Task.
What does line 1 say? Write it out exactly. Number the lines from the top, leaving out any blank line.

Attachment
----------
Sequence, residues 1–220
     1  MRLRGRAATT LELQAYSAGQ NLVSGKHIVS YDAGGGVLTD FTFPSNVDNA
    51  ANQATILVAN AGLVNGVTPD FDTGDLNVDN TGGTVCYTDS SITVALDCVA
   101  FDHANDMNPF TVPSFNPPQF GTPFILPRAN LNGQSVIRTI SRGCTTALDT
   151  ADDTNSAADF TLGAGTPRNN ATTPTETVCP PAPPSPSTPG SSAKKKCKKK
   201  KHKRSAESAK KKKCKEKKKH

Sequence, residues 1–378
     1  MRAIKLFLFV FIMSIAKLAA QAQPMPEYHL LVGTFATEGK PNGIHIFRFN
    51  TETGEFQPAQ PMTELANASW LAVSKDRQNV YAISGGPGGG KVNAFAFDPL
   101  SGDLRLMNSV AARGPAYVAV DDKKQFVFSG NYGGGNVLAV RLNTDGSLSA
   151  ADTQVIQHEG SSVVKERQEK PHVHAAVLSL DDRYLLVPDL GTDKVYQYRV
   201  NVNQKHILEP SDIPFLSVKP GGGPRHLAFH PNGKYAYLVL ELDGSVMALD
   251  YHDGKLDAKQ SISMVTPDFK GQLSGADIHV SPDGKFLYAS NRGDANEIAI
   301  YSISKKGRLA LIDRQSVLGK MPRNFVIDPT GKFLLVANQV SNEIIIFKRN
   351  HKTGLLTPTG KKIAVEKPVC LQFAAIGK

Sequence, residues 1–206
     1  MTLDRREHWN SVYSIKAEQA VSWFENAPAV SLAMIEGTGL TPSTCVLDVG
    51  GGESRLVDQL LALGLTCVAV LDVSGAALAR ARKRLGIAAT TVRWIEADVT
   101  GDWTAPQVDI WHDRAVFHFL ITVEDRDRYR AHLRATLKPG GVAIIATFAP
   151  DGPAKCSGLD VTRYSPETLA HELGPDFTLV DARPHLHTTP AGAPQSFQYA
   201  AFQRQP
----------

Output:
Sequence, residues 1–220